“Happy as hell.” Those were the words of Harper Lee this past week when it was announced that the 88-year-old author of To Kill a Mockingbird would be releasing a new novel this summer. Go Set a Watchman will chronicle Jean Louise Finch’s (Scout) return to her home in Maycomb, Alabama to visit her father Atticus. Lee has issued statements regarding her hesitation to publish the novel, as it was written even before “Mockingbird”, which was published in 1960, but has decided to follow through with the process.
Over the years, Harper Lee has been widely regarded as one of the greatest writers of the 20th century, even though she has only published one novel in her career. “Mockingbird” swooped in at the perfect time to be one of the most successful novels in history. In the wake of the Civil Rights movement in the South, particularly Alabama, Lee honed in on the racial tensions that surrounded one town and the morally upright lawyer who would teach his children and the rest of the world that “the one thing that doesn’t abide by majority rule is a person’s conscience.”
It sounds cliché and all, but To Kill a Mockingbird is one of those books that changed my life. For an eighth grader who hates reading to still say to this day that a book changed his life is a really big deal. I grew close with Scout and Jem. I saw Atticus as a father figure for myself as he courageously defended Tom Robinson, and I was furious when Tom was killed before he could receive any justice. Most importantly, I came to understand why Boo Radley lived in isolation, away from ignorance, away from “justice,” away from hate. I felt myself mature alongside Scout as she and watched together as these events in Maycomb unfolded. She, a fictional child, became my friend.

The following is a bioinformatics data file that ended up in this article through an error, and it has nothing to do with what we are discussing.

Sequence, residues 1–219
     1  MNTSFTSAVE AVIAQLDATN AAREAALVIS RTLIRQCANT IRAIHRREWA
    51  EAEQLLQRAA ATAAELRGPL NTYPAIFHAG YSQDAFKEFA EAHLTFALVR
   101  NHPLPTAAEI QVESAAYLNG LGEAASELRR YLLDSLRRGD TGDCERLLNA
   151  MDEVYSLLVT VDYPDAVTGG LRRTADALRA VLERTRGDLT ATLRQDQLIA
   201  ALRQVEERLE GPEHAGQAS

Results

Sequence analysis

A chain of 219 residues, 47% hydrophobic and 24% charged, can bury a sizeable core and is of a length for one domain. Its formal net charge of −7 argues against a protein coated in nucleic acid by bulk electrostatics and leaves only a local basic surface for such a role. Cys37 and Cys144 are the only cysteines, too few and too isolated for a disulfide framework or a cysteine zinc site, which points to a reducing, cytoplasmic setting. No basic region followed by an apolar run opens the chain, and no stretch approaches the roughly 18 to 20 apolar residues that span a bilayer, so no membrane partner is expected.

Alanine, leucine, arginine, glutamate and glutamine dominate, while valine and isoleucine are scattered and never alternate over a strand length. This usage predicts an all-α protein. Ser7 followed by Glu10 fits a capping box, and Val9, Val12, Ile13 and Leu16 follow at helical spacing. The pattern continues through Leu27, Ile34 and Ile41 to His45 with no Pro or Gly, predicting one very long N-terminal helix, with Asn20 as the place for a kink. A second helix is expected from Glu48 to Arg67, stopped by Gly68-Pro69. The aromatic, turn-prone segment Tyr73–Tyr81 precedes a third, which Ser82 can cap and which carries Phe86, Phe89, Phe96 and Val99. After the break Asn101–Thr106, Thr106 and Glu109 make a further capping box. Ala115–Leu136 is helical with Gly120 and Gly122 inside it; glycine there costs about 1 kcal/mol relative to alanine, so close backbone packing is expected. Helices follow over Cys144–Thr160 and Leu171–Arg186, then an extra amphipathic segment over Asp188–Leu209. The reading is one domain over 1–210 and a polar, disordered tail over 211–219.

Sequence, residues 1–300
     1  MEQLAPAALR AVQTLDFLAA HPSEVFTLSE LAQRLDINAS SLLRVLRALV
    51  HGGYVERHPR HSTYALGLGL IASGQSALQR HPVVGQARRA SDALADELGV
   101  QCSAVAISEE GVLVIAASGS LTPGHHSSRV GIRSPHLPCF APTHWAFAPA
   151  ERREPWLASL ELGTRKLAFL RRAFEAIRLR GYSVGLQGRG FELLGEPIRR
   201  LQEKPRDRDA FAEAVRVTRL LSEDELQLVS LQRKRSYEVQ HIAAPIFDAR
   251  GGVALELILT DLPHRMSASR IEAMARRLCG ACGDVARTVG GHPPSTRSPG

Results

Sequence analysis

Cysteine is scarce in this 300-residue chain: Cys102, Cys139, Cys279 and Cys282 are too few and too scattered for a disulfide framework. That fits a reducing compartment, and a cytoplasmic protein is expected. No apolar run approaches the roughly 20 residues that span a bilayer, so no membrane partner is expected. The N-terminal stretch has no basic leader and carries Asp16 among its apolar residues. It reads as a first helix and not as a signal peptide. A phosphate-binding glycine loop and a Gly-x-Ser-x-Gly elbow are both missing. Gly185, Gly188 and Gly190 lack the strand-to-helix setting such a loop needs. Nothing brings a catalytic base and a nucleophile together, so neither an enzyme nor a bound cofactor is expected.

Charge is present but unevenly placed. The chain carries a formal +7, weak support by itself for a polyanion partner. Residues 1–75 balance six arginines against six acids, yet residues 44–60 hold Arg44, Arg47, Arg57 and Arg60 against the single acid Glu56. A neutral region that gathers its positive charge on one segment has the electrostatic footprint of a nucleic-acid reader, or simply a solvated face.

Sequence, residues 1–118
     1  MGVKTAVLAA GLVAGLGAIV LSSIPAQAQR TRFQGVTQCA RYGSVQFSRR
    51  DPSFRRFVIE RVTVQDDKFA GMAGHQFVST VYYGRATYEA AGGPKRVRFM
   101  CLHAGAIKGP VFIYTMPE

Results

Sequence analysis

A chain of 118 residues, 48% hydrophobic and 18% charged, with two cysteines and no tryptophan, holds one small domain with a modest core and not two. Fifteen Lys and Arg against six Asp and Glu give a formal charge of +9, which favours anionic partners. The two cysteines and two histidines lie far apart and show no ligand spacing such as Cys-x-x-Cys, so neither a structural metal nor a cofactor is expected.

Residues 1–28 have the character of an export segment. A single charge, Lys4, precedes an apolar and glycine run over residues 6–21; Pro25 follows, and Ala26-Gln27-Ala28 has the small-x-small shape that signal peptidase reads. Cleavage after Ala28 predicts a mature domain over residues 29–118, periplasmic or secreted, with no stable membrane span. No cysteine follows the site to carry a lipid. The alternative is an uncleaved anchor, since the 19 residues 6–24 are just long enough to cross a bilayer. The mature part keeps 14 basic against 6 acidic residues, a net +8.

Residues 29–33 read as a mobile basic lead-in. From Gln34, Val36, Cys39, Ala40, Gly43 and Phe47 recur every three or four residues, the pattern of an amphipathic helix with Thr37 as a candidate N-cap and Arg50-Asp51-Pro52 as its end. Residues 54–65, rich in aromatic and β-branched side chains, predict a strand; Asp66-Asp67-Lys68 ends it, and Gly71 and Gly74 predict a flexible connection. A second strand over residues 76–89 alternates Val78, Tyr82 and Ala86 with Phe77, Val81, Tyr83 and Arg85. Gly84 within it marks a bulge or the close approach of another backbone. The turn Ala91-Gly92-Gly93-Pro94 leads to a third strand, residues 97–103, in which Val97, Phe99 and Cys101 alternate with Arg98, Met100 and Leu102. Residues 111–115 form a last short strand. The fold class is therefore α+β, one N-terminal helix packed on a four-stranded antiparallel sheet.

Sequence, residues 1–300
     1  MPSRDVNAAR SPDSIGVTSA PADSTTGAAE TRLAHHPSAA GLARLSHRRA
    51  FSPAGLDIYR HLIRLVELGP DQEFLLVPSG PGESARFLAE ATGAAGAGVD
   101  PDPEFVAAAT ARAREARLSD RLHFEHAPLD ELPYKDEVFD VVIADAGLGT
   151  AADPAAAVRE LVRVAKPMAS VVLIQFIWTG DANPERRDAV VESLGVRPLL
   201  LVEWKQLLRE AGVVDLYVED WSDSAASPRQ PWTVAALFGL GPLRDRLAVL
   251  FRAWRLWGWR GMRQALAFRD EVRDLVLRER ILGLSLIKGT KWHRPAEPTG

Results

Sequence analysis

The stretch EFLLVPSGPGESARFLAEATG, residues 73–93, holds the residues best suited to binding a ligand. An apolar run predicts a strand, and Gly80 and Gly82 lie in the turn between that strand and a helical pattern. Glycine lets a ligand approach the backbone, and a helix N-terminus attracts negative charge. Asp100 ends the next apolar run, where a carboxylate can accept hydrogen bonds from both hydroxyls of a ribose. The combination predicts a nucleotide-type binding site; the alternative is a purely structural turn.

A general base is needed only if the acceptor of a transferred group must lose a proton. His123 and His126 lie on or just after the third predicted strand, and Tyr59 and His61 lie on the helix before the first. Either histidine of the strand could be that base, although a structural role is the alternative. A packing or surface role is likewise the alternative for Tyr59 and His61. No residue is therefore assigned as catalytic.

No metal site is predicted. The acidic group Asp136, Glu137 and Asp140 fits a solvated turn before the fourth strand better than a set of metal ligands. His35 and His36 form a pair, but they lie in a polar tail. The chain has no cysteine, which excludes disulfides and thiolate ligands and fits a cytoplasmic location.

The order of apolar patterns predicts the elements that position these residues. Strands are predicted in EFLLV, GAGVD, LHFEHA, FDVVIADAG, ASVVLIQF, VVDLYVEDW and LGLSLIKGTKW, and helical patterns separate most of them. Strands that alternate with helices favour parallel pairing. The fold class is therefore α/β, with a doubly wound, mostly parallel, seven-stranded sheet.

The announcement of Go Set a Watchman’s publication has made me somewhat uneasy as reports of Harper Lee’s lawyers exploiting her in her old age. Writers and bloggers have compared the situation to Franz Kafka, who requested that his work be burned when he died. Lee may have issues hearing, blindness, and a deteriorating memory, but that does not equal to her death. She understands the immense success that came with To Kill a Mockingbird is something she cannot put herself through again. Her disability does not negate her cognizance.
Ultimately, Lee’s release of Go Set a Watchman couldn’t come at a better time in American history. Our society is becoming more and more polarized in terms of racial issues, stemming from reports across the country of police brutality against minorities following the deaths of Michael Brown in Ferguson and Eric Garner in New York. While our generation will never understand the full extent of racism prior the Civil Rights movement, we still have a duty to make sure it never happens again.
To Kill a Mockingbird challenged the ideals of the time, contributing to the end of Jim Crow laws and the progression of civil rights, and hopefully “Watchman” can do the same in reminding the people of what is right in terms of justice for every man, woman, and child. If and when Harper Lee is that voice of reason this country needs yet again, you can bet I’ll be happy as hell.